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Some may say what good of the pumpkin unless…
- It is for chucking
- It is for decoration
- It is for scary faces for Halloween
- It is for witches
- It is for fairy tales
- It is for festivals and competitions
- It is for painting
- It is for Thanksgiving
That’s a tricky question for those not familiar with various benefits of the pumpkins.
What exactly is a Pumpkin?
Pumpkin is a squash of the family Cucurbitaceae. The name pumpkin comes from the Greek word pepon, which means “large melon”.
Scientists did not completely confirm the origin of the pumpkin, yet they agreed that the first pumpkin-related seeds were found in the caves in Mexico around 7000 BC.
Some refer to the pumpkin as fruits, others as vegetables, but one thing is sure, pumpkins vary in size, the color of the skin, and shape. Pumpkins generally weigh 4-6 kg, and those are the Giant pumpkins, though they can reach a weight of over 25 kg. As for the color of the skin, they are usually yellow and orange.
Some species of pumpkins can be white, pale green, brown, red and gray. Inside, the pumpkins are hollow with net-resembling small, usually white, but sometimes green edible seeds.
They were very popular in ancient Greece and among the tribes in North America. Today, pumpkins are widely grown in every country, although Antarctica is the only continent that cannot produce pumpkins.
Nutritional Value of the Pumpkins
This plant is highly nurtured for its agricultural purposes. It is interesting that pumpkin’s nutritive value, especially seeds’ value, increases as they decompose. Pumpkins in general are high in minerals and vitamins.
Vitamin A – necessary vitamin and natural anti-oxidant for good visual sight, and recommended for the maintenance of the mucous membranes and skin. Here are other important benefits and researches about vitamin A.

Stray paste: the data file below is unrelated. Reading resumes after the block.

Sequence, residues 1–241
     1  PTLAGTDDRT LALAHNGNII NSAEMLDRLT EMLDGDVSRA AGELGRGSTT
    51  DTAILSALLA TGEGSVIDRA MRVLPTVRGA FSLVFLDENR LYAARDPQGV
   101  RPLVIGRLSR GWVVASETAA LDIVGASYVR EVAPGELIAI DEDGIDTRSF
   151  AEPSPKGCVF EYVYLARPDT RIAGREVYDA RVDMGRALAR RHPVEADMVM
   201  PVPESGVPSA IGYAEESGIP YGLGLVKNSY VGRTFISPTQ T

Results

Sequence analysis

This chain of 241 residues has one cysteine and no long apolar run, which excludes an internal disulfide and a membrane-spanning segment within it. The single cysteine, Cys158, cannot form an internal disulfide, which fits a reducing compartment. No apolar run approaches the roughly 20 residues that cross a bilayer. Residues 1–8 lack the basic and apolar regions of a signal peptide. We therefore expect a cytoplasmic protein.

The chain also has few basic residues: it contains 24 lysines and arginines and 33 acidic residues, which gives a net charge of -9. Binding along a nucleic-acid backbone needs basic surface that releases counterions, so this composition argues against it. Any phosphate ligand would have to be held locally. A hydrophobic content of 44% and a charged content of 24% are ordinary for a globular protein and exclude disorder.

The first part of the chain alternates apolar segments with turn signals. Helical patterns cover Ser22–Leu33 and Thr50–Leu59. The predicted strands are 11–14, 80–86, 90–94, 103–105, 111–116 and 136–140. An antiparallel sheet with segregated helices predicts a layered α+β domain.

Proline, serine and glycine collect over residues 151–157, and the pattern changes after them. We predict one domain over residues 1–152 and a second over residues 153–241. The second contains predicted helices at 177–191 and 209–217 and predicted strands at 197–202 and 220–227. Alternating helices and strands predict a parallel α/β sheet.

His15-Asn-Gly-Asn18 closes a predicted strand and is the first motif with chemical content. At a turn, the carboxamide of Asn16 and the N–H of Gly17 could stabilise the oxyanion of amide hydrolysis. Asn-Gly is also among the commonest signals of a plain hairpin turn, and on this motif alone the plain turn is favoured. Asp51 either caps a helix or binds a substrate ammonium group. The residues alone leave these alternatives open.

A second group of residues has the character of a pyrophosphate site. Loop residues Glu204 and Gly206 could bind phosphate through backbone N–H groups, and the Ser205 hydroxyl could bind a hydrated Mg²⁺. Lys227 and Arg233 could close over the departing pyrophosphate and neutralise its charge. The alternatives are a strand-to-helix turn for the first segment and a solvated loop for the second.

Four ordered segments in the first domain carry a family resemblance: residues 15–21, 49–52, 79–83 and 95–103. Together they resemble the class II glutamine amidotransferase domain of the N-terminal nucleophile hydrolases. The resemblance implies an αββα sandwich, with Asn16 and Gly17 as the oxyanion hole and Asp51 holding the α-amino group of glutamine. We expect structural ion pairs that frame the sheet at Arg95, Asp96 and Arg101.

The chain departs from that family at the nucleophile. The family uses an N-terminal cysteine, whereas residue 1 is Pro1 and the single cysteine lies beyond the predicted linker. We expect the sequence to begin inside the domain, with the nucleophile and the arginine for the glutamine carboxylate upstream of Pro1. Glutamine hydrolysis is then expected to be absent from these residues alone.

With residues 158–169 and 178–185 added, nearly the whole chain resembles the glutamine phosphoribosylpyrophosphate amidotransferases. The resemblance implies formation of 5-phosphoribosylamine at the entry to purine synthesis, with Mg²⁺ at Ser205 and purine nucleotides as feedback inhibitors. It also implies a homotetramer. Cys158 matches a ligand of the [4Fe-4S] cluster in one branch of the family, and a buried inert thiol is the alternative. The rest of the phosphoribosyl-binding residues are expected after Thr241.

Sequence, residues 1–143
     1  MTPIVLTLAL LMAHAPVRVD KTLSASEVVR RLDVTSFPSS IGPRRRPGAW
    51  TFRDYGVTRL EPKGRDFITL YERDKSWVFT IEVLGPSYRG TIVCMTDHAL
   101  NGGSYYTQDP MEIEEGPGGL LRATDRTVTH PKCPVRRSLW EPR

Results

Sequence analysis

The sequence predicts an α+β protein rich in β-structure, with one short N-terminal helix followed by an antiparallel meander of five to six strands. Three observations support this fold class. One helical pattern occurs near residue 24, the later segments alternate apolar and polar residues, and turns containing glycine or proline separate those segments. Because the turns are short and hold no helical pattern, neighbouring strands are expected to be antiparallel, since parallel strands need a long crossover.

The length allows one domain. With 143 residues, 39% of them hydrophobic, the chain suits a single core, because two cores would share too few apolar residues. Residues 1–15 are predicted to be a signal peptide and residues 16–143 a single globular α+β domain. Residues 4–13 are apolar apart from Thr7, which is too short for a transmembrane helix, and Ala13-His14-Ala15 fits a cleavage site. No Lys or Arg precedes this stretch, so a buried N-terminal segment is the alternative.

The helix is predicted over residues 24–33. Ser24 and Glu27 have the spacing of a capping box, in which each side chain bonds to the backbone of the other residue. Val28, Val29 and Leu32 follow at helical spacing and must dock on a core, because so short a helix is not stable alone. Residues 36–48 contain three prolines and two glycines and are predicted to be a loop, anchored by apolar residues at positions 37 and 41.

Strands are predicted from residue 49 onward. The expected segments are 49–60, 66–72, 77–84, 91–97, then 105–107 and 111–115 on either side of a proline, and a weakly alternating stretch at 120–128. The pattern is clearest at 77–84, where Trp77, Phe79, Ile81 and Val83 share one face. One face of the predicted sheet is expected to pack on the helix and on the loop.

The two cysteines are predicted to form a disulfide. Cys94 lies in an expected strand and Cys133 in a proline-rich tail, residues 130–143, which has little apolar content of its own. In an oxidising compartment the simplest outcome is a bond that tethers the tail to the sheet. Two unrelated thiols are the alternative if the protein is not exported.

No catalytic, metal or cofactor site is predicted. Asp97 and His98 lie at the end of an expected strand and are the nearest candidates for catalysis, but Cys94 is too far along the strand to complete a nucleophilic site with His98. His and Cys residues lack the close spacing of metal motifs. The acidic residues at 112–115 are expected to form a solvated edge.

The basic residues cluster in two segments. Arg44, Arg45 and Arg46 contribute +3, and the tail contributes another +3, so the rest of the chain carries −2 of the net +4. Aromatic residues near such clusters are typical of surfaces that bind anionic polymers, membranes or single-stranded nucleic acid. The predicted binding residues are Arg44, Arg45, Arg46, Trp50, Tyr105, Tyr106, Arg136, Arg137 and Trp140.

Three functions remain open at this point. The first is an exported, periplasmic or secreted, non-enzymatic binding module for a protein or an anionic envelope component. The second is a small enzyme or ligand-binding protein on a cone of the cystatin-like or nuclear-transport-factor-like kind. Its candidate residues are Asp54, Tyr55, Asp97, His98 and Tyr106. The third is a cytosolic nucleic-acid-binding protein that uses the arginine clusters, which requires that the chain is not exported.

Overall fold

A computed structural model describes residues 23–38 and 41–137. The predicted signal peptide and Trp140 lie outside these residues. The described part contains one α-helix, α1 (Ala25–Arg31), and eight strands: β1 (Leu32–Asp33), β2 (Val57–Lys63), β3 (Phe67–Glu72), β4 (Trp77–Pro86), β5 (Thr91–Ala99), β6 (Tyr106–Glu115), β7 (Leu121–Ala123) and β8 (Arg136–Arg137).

Vitamin C – a vitamin that is crucial for the immune system and the reduction of oxidative stress. This antihistamine is also a powerful cure for the common cold. An excellent explanation about its antioxidant activities one can find in the research study from the group of authors called “Vitamin C as an antioxidant: evaluation of its role in disease prevention”,
Vitamin E – vitamin is well known as an antioxidant that has an important role in enzymatic activities and neurological functions; Researches show that Vitamin E can help in the treatment of cancer and heart diseases.
Pumpkins, as very low-calorie vegetables, are free from fats and cholesterol, while very rich in dietary fiber. They represent an excellent source of the B-complex group of vitamins: niacin, thiamine, folate, pyridoxine, and pantothenic acid. It is important to know that pumpkins are a storehouse of α, ß carotenes, lutein and zeaxanthin.
As for the minerals, pumpkin contains:
Calcium – This strong bone builder is important for muscle contraction and neurotransmitter release. Another particular use of calcium is in the period after menopause, because women can lose up to 20 percent of the bone mass.
Potassium and sodium– essential nutrients that maintain the balance of the water in the body